Media history commentary

  • Radio and the Titanic —  Radford University, April 5, 2012 — If Guglielmo Marconi had not been so stubborn, perhaps 1,600 would not have perished when the Titanic sank in the icy Atlantic 100 years ago.
  • Hezekiah Niles: a patriotic newsmagazine editor in the 19th century —Baltimore Sun, Sept. 4, 2011 — Niles was a devoted patriot and an editor with vision. He managed to put aside his own partisanship in order to reach out in the spirit of compromise. He hoped that spirit might hold the nation together. Although his ideas were widely accepted in the North, he found attitudes in the South hardening during his years as editor.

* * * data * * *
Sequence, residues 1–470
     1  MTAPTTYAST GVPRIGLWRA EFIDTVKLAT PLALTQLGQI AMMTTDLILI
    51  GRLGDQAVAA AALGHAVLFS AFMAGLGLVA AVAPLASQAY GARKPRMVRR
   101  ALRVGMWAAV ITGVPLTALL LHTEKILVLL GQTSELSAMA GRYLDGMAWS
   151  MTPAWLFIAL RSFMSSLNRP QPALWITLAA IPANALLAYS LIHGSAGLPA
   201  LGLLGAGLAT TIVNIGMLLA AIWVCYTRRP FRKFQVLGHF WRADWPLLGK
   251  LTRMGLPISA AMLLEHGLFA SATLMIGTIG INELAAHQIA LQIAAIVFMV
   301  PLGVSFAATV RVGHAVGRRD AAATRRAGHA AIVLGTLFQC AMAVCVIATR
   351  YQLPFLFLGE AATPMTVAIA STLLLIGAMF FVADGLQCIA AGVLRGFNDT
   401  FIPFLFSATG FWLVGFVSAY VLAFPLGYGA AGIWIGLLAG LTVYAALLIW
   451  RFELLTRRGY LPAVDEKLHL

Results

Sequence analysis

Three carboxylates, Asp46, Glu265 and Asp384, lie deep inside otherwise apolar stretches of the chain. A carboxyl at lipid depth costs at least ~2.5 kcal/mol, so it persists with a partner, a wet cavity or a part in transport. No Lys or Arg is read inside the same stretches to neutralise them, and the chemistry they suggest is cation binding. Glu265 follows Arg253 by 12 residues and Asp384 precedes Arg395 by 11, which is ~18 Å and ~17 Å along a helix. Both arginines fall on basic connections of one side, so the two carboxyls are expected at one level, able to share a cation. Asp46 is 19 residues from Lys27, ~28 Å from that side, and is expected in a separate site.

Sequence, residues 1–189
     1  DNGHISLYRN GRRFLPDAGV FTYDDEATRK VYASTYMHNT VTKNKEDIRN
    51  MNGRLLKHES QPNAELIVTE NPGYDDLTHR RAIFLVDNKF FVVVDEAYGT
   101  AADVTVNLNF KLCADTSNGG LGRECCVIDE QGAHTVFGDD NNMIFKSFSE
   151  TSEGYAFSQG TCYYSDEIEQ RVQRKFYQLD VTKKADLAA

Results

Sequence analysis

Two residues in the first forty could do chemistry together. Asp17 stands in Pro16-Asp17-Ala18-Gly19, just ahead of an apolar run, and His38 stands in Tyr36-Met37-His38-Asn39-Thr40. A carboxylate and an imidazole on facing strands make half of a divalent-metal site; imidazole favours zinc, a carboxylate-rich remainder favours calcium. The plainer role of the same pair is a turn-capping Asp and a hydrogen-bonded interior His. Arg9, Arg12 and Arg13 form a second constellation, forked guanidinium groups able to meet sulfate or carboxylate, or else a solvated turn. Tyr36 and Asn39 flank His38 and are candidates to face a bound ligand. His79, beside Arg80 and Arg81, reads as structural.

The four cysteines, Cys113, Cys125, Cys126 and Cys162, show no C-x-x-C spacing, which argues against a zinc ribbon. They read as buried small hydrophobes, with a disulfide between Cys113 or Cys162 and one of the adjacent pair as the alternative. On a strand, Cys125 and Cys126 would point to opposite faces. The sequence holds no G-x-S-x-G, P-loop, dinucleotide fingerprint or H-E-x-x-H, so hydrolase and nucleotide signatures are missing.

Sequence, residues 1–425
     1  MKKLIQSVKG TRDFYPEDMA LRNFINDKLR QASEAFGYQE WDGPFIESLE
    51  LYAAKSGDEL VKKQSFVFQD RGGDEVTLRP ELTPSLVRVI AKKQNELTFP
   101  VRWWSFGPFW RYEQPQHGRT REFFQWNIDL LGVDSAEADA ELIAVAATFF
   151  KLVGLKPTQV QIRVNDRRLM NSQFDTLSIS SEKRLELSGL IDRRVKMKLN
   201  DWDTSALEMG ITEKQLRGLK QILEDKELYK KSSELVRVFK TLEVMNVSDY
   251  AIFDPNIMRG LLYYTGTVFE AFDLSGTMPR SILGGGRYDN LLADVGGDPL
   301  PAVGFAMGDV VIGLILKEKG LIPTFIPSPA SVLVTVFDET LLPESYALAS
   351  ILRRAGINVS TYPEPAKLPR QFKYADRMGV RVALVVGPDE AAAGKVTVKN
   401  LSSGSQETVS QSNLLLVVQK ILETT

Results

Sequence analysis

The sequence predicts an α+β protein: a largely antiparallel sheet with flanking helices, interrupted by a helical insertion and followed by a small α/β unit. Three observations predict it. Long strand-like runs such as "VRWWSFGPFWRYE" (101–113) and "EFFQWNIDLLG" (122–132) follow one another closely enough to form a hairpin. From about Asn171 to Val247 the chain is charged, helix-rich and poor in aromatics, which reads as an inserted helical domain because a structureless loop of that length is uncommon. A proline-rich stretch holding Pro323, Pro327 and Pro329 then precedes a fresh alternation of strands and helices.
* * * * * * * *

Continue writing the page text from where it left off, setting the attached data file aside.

• Public Broadcasting’s Fight for Funding —Roanoke Times, Feb. 20, 2011 — … The Corporation for Public Broadcasting was created by President Lyndon Johnson in 1967, but the roots of educational and public broadcasting go back to the early days of radio, when communities, schools and churches started their own services, according to Radford University communications professor Bill Kovarik. “Federal licensing for commercial stations basically pushed all those educational stations off the air,” said Kovarik, who has written a media history textbook titled “Revolutions in Communication.”

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